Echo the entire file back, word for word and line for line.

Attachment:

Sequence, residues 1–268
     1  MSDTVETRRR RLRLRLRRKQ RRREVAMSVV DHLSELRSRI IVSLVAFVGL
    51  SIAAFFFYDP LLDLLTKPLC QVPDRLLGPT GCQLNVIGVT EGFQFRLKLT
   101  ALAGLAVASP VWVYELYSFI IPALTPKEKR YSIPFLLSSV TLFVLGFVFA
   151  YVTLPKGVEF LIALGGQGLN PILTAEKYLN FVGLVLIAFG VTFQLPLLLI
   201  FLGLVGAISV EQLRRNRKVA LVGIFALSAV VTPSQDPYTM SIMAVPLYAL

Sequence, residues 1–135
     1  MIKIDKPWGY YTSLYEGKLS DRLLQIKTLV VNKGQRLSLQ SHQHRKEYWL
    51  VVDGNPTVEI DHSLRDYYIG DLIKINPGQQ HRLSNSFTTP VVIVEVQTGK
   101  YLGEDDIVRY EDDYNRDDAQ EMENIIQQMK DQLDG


Sequence, residues 1–268
     1  MSDTVETRRR RLRLRLRRKQ RRREVAMSVV DHLSELRSRI IVSLVAFVGL
    51  SIAAFFFYDP LLDLLTKPLC QVPDRLLGPT GCQLNVIGVT EGFQFRLKLT
   101  ALAGLAVASP VWVYELYSFI IPALTPKEKR YSIPFLLSSV TLFVLGFVFA
   151  YVTLPKGVEF LIALGGQGLN PILTAEKYLN FVGLVLIAFG VTFQLPLLLI
   201  FLGLVGAISV EQLRRNRKVA LVGIFALSAV VTPSQDPYTM SIMAVPLYAL

Sequence, residues 1–135
     1  MIKIDKPWGY YTSLYEGKLS DRLLQIKTLV VNKGQRLSLQ SHQHRKEYWL
    51  VVDGNPTVEI DHSLRDYYIG DLIKINPGQQ HRLSNSFTTP VVIVEVQTGK
   101  YLGEDDIVRY EDDYNRDDAQ EMENIIQQMK DQLDG